As many have pointed out, Gordon Brown could have been the ideal Prime Minister for the 'radio age', where a politician would be judged by the depth, rigour and order of their thinking as well as their ability to express that clearly and effectively, rather than the sharpness of their suit or the glossiness of their latest photo opportunity.
As the man himself notes in his 2017 autobiography, My Life, Our Times
, 'in a more touchy-feely era, our leaders speak of public issues in intensely personal ways, and assume that they can win votes by telling their electors that they "feel their pain"', and for him, 'being conspicuously demonstrative' is simply uncomfortable. Likewise, as Gerry Hassan argued in Scottish Review (November 2017
), his memoirs showed that politics in Brown's world was often reduced to 'one-way communication and monologue'. For a man supremely confident in his own understanding and analysis, Brown had, in Hassan's eyes, neglected to learn 'those important qualities to life, let alone politics, of listening, hearing and genuine exchange'.
Despite this and for all his faults as Prime Minister, I think Brown is a tonic for these troubled and troubling times. Serious, austere, authoritative, learned and authentic, he makes for a strong contrast with the rump of today's leading figures at Westminster. In March, just days before Britain entered lockdown, Gordon Brown took to the pages of The Guardian
to stress the value of international cooperation, which he repeated in early June when he warned that the G20's going AWOL could be 'a death sentence for the world's poorest'. Almost six months on, the question that he raised still stands: 'Why, as the disease engulfs more than 100 countries, has there been no consistent, coordinated global approach not just to tracking, testing and travel but to openly learn from each other about the relative merits of quarantine and social distancing?'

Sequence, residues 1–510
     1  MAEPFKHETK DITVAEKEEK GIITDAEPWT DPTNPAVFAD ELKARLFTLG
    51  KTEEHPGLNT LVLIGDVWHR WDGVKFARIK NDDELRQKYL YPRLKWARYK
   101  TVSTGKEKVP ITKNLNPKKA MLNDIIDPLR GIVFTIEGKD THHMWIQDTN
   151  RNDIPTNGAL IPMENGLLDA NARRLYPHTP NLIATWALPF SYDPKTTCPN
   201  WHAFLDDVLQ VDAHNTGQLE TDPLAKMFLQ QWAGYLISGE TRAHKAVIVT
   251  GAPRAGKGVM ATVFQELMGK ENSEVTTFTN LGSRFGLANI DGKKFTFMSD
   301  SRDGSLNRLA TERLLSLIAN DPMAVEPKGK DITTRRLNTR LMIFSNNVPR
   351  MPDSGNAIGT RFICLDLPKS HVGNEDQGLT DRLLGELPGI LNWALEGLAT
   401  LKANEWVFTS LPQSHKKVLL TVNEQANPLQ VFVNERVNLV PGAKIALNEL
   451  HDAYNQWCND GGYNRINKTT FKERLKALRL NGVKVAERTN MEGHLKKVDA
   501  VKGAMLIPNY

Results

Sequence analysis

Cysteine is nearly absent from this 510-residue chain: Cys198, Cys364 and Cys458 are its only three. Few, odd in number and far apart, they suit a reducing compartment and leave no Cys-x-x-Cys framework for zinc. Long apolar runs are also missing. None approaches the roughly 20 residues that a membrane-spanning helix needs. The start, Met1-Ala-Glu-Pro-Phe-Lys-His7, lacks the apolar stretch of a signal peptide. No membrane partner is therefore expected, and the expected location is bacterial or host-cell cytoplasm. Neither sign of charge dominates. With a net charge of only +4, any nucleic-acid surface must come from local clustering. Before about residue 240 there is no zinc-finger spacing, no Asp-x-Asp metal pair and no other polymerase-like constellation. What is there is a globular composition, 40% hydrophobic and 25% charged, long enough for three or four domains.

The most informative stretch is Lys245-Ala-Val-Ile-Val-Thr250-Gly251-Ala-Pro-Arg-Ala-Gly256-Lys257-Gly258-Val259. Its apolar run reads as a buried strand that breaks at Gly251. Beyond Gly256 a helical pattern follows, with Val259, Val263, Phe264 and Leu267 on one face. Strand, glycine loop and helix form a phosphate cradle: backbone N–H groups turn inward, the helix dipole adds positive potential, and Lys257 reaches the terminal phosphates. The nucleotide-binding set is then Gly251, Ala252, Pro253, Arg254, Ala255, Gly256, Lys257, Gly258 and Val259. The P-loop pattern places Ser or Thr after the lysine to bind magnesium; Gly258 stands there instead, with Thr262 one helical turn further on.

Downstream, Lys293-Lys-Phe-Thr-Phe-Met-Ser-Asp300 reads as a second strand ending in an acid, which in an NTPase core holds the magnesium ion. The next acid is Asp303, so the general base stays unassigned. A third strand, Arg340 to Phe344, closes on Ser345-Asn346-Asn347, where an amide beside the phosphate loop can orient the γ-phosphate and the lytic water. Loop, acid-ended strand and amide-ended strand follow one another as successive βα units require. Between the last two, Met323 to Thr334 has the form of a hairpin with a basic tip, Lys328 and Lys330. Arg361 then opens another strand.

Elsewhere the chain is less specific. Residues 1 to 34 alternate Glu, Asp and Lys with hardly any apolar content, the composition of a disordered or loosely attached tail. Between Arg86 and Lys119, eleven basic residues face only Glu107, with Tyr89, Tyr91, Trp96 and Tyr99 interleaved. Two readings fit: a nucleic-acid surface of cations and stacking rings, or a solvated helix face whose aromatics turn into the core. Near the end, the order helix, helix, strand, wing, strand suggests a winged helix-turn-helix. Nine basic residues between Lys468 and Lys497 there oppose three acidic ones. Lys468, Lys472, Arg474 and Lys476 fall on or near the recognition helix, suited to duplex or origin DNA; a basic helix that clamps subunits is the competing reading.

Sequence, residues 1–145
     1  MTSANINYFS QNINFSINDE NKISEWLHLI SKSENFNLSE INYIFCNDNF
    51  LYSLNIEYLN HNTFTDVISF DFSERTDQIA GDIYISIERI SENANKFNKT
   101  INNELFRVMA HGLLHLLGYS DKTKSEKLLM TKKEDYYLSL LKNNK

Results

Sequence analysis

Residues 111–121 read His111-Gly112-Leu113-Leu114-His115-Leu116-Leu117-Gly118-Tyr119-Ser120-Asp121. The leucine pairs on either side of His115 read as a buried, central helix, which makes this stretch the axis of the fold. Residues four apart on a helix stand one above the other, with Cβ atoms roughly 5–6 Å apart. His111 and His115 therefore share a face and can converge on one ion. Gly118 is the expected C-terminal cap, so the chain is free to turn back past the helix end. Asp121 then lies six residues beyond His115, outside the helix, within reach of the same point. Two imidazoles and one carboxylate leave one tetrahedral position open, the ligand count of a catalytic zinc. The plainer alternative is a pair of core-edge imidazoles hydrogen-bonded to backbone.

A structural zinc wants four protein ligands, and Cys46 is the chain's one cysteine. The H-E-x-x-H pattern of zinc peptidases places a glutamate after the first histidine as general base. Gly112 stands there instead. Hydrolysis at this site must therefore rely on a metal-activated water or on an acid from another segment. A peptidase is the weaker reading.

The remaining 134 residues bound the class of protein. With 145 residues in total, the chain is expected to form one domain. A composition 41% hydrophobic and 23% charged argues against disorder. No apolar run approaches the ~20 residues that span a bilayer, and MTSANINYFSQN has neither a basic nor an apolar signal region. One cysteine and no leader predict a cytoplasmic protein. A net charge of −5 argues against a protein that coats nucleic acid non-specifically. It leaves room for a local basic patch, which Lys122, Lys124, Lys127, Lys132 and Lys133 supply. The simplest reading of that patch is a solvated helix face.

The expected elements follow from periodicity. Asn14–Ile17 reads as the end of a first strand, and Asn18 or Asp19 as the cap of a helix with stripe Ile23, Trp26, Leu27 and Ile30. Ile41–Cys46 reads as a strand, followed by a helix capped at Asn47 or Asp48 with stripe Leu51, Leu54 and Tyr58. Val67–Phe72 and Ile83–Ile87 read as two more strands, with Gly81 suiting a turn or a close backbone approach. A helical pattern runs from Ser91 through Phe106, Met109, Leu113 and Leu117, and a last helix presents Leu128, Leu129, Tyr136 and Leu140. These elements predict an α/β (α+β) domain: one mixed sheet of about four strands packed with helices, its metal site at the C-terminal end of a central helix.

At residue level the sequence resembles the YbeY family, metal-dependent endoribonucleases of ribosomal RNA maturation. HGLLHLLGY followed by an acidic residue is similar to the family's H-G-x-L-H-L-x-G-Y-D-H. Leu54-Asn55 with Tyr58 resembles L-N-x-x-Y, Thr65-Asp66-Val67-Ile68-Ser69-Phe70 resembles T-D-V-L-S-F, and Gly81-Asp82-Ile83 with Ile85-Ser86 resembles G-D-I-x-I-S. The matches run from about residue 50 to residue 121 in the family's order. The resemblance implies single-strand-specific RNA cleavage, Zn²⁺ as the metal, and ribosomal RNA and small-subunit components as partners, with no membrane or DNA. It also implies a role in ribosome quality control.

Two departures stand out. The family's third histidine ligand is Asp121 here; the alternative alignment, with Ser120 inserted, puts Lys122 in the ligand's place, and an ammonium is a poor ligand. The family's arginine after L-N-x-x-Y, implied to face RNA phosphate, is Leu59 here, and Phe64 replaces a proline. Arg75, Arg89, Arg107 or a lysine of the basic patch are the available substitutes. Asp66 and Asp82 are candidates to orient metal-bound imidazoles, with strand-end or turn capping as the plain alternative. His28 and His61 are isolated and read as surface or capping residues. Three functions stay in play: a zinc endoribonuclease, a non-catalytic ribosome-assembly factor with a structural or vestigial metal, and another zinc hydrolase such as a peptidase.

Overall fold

Although Sir John Major is now Britain's most senior elder statesman, and certainly the one who looks most at home in life after office, Brown comes a close second. Whether you are excited about the possible break-up of the UK or are in dread of it, and regardless of what you make of his involvement in the Better Together campaign in 2014, Brown's interventions are always authoritative and seek to elevate public debate.
Whereas the current Prime Minister is giving Mrs Thatcher a run for her money as the most divisive premier of modern times, Brown's interventions appeal to our better nature and seek to bring folk together. Can anyone seriously imagine a post-Number 10 Boris Johnson calling on the government of the day to do more for 'the permanently low paid, the already workless families and the zero-hours contract workers' who have suffered the most during the current crisis, as Brown did last month?
Whilst many regularly argue that Brown let the bankers run amok, prior to the financial crash which ultimately derailed his premiership, and supposedly destabilised Tony Blair's term of office by the 'Us and Them' mentality which set Number 11 apart from his next door neighbour, it is difficult to deny that the country would be in a better state with Brown at the helm in these current times.